While approximately 64 percent of us drink coffee daily, according to a 2018 survey conducted by the National Coffee Association, nearly 100 percent of us will eventually go on a diet.
Which begs the question: Where does coffee fit into the dizzying number of diet plans? From the keto craze to low carb diets to calorie-restrictive diets, can you drink coffee on any of these diets?
Examining coffee at a high level, there’s a satisfying answer: black coffee, on its own, is non-caloric and typically contains an insignificant amount of sodium. Its space on your carb and calorie counter is gloriously nonexistent.
There’s other good health news, too.
The World Health Organization, which once considered coffee a carcinogen, slashed it from the list in June 2016. Several studies have associated it with a longer lifespan and many more link it with a reduced risk of cardiovascular disease—that is, heart attacks and strokes—and Type 2 diabetes, thanks to an increase in a hormone that lowers insulin resistance. Plus, it comes with a reduced risk of suffering from select types of cancer.
Researchers have yet to isolate the “Why?” of coffee’s health benefits, but it’s no longer perceived as a risky food to consume in moderation—that is, two to three cups per day, or 24 ounces. Armed with the knowledge of some of the health benefits of coffee, let’s delve into where it sits within your dietary profile.
Can I drink coffee while dieting?
Now, here’s where coffee might fit into your diet:
- Can I drink coffee on a keto diet? As long as the coffee doesn’t contain milk, keto dieters can drink it. However, if dieters are in dire need of added flavor, a tablespoon of heavy cream is low in carbs while higher in fats, making it generally acceptable.
- Can you drink coffee on a low-carb diet? Black coffee is generally OK for low-carb dieters—particularly Atkins dieters—and especially if they’re starting out and adjusting to a new food lifestyle. Some may prefer not to indulge in caffeine because of its impact on metabolism and cravings, but if the coffee is consumed without added sweeteners or milks, it is acceptable. However, science is still sorting out the impact of coffee—even black coffee—on blood glucose levels, which is notable if you’ve adopted a low-carb diet because you’re diabetic. While studies show coffee—or at least, caffeine—lowers the risk of developing diabetes, some studies have noticed a slight increase in post-meal blood sugar levels after consuming coffee. More research on the subject needs to be conducted to be conclusive.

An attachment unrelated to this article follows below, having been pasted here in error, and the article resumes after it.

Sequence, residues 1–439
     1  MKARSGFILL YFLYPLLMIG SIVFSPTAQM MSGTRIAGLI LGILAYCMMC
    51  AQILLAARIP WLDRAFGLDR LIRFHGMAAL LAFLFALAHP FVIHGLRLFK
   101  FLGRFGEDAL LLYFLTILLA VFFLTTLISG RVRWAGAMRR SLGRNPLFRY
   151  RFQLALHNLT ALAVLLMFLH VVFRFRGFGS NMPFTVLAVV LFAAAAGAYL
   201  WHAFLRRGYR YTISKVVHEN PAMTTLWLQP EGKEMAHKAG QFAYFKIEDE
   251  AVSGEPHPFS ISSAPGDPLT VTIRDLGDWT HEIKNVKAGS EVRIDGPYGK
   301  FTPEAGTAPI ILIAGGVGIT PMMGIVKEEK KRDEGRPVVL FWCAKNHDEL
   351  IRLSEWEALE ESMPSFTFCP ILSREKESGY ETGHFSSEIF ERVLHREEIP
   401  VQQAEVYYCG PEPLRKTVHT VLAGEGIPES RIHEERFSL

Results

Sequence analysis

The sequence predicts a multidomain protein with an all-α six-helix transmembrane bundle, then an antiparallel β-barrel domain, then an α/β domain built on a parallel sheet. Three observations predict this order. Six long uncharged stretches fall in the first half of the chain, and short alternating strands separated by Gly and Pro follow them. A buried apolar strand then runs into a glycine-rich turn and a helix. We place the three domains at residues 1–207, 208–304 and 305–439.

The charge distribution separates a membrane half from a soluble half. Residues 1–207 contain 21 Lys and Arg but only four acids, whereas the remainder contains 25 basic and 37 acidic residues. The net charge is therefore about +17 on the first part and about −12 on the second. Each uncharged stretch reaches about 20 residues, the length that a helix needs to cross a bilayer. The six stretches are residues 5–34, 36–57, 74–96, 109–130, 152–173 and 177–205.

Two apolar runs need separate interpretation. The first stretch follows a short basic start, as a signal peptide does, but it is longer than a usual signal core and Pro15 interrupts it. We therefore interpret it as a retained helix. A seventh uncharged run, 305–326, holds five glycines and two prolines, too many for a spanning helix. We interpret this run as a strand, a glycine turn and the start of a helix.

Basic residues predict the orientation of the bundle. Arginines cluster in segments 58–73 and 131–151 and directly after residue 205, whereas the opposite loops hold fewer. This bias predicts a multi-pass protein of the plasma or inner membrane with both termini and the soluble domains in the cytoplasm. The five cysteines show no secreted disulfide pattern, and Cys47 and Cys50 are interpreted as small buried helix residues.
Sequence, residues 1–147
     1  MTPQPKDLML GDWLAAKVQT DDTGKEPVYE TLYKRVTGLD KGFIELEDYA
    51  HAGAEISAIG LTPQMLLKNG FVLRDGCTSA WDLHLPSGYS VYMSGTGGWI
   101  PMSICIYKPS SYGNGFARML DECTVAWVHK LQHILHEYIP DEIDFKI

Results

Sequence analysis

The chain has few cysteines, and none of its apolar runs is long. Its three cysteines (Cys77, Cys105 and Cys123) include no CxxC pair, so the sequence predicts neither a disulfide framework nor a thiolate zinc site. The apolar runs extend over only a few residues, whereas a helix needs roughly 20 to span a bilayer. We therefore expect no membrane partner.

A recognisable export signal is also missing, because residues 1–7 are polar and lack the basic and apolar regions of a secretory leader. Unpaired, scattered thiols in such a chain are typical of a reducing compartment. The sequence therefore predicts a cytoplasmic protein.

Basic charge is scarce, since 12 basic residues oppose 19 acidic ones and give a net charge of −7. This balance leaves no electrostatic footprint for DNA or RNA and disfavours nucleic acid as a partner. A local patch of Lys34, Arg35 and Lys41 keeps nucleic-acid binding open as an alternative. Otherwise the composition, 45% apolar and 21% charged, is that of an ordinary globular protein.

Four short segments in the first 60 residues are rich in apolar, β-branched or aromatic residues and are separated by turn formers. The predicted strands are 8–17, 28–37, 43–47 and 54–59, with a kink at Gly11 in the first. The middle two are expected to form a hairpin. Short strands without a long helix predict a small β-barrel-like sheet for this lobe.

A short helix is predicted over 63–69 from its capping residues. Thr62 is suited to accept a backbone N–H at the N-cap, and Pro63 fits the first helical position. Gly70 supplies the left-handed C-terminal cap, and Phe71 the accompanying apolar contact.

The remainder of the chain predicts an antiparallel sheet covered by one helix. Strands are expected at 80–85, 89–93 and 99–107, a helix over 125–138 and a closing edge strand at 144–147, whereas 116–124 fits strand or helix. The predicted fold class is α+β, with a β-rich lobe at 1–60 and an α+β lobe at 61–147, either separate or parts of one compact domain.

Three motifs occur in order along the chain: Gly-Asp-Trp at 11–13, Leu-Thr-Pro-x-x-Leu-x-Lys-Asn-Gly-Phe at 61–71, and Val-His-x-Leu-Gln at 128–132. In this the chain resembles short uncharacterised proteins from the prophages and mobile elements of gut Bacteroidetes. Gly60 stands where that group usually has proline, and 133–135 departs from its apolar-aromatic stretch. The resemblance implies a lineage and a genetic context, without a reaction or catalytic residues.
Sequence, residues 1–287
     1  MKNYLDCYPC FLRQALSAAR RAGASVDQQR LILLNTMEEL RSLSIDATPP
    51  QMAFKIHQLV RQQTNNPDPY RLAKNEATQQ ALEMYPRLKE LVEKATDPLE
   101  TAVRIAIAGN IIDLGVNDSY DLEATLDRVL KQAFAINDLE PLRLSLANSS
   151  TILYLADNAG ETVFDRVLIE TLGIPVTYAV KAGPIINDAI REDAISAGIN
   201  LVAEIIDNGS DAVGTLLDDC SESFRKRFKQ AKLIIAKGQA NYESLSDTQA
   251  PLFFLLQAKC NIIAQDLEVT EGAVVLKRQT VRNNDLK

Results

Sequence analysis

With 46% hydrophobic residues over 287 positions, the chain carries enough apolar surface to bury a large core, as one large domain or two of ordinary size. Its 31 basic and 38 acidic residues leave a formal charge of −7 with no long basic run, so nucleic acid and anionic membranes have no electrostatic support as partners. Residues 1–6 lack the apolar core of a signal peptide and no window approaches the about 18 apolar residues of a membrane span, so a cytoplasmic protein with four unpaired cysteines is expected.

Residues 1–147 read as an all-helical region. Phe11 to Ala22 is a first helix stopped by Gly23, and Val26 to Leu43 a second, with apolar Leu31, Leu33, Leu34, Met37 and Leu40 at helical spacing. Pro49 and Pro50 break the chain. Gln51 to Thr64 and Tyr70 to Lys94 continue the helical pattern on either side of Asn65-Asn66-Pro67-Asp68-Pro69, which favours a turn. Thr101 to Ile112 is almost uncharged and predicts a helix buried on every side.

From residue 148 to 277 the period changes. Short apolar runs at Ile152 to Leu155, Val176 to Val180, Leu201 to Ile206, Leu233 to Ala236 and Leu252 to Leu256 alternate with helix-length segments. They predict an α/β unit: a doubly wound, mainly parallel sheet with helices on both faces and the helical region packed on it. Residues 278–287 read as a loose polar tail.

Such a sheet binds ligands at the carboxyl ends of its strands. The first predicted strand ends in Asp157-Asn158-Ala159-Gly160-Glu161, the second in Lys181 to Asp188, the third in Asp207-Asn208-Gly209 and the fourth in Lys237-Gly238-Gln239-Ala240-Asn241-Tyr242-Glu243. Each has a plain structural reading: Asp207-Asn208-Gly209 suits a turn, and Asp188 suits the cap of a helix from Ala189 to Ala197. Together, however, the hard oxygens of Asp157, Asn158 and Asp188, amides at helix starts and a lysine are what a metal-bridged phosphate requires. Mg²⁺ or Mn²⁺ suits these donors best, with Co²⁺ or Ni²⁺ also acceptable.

- Can I drink coffee on a candida diet? This diet aims to minimize the presence of specific kinds of candida fungi around the body. Accomplishing this, according to those who advocate for the diet, means reducing sugar and refined carbohydrate consumption and, among other tactics, reducing stress levels. Considering caffeine triggers anxiety in some people, coffee can contribute to stress levels—but only if over-consumed. It also can irritate the lining of the digestive system, counter to the immune-boosting ambitions of the candida diet.
- Can I drink coffee on the paleo diet? While some paleo dieters feel lukewarm about caffeine consumption, coffee can certainly be paleo-friendly if consumed black. Still, for a creamer, try coconut or almond milks. For a sweetener, try maple syrup, raw honey, or coconut sugar as an alternative to refined sugar. Spices like cinnamon are also good ways to spruce up a cup of paleo-adherent coffee.
- Can I drink coffee while intermittent fasting? Black coffee is acceptable as an energy source between meals, though it negates the benefit of letting adrenal glands rest during a fast. Still, because it’s a calorie-free beverage, it’s a good way to satisfy yourself while fasting—especially if the ultimate question at hand is “Can I drink coffee while fasting for weight loss?” The answer is a resounding “Yes.”
- Can I drink coffee on a low-sodium diet? Coffee will actually strip your body of sodium. Which, counterintuitively, may not make it a great fit for someone on a low-sodium diet, because sodium levels will already be fairly low by the time the coffee is consumed. It’s not harmful to consume, on its face, but tread carefully. As the saying goes: all good things in moderation.
It’s safe to say that coffee can be a part of nearly any type of diet, regardless of what type of diet you’re following. Depending on the diet, you may need to adjust your coffee preferences — opting for black coffee, switching up your sweetener, or looking to either low-fat or full-fat milks. However, looking to shed pounds or improve your overall health doesn’t mean you have to forsake your love of the bean.